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A CIVIL COURT

ACTION
A DECISION TO MAKE

When a persons rights have been infringed they can decide to


take the matter further or not.
If they decide to take further action, they must decide whether
they will use the court system or an alternative method of
dispute resolution.
Generally, the parties to a legal action are known as litigants.
PRE TRIAL
PRE-HEARING PROCEDURES
The procedures used in civil cases vary depending on the
court.
The purpose of civil pre- trial procedures is to determine the
relevant facts of the case and to assist the parties to gather
evidence to be used in court.
It also assists in ensuring a speedy resolution of the matter.
In fact, most civil cases are settled out of court, during the pre-
hearing stages.
LETTER OF DEMAND
Before taking the matter to court, a plaintiff may attempt to
gain a resolution and obtain a remedy by sending a letter of
demand to the defendant.
This letter, usually written by the plaintiffs solicitor, outlines
the nature of the complaint and outlines the demands of the
plaintiff.
This letter warns the defendant that should the demands of
the plaintiff not be met further court action will be taken.
The defendant usually has 14 days to meet the plaintiffs
demands.
HOW DO YOU KNOW IN WHICH COURT
TO BRING YOUR CASE?

The remedy claimed by the plaintiff determines the court to


which the matter will be brought.
This is one of the reasons a court hierarchy is necessary.
The amount of damages sought determines whether the case
will be heard in the Magistrates, County or Supreme Court.
WRIT
Proceedings begin when the plaintiff files a writ with the
court.
The writ contains the names and addresses of the plaintiff and
the defendant, information about the place and mode of trial
(that is, before a judge alone or a judge and jury) and the
name and address of the plaintiffs solicitor.
This writ must be served on the defendant in person, or posted
or delivered to the defendants address.
NOTICE OF APPEARANCE

After the writ has been led and served, a notice of appearance
is completed by the defendant.
This indicates to the court and the plaintiff that the defendant
wishes to defend the matter.
The notice of appearance is then served to the court and
delivered to the plaintiff.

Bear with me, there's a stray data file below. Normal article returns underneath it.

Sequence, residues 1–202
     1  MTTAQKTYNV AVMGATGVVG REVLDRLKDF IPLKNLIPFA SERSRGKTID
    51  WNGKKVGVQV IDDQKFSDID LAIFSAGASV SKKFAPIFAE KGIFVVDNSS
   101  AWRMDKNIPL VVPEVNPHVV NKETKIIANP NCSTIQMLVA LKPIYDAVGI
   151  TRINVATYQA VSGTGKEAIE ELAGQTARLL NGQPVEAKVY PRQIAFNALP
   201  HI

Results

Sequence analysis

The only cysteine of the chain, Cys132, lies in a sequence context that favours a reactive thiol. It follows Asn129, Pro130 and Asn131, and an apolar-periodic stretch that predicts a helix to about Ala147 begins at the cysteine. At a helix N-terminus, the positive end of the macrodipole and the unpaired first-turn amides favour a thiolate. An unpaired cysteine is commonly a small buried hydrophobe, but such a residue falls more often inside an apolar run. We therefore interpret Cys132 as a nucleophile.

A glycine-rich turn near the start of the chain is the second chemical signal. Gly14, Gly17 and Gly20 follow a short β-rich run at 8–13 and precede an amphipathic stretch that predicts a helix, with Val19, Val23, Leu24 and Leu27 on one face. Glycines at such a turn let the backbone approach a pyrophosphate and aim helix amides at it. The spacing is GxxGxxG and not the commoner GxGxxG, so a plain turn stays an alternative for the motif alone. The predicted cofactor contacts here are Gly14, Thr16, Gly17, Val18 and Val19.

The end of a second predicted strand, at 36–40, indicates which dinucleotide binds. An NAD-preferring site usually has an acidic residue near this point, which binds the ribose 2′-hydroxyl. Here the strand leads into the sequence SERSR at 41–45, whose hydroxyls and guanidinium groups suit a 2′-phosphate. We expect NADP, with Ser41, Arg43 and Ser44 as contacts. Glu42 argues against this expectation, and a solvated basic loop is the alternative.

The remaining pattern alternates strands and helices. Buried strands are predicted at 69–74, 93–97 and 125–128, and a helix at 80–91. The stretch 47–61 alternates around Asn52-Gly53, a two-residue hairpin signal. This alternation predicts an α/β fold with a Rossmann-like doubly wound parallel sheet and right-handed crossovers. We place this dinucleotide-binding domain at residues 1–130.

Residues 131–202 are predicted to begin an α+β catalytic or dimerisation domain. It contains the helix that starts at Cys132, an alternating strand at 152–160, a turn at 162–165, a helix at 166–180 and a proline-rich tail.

PLEADINGS
Pleadings is the name of the formal system where the parties exchange
documents and details of the case.
- Statement of claim
A statement of claim often accompanies a writ.

The statement of claim is produced by the plaintiff and sets out the
circumstances relevant to the claim and the outcome sought by the plaintiff.
- Defense
The defendant will usually put forward a statement (or notice) of defense in
response to the plaintiffs statement of claim.
- Counterclaim
The defendant may also issue a counterclaim against the plaintiff. In a
counterclaim the defendant claims that the plaintiff is partly responsible for the
damage or loss claimed.
DISCOVERY PROCESS
At the end of pleadings either side may require the production
of documents relevant to the case, to assist in clarifying any of
the issues.
Any requested documents must be provided by the other side.
This is called the discovery of documents.
Interrogatories is the name given to the process whereby
written questions are served by both sides and must be
answered under oath. The answers to these questions are
admissible as evidence in court, should the matter proceed to
a hearing.
DIRECTIONS HEARINGS
Directions hearings allow the court to be involved in some of
the pre-trial stages leading up to a case being heard by the
court.
The aim of directions hearings is to ensure that proceedings
are conducted in an effective and timely manner.
The court may ask the parties to come to an agreement about
certain facts that are clear, so that court time is not taken up
with this material.
CERTIFICATE OF READINESS
FOR TRIAL
Once these procedures have been completed, the plaintiff will
file a certificate of readiness for trial.
TODAY

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Read the Case File, pages 292-296
Complete the questions on pages 296-7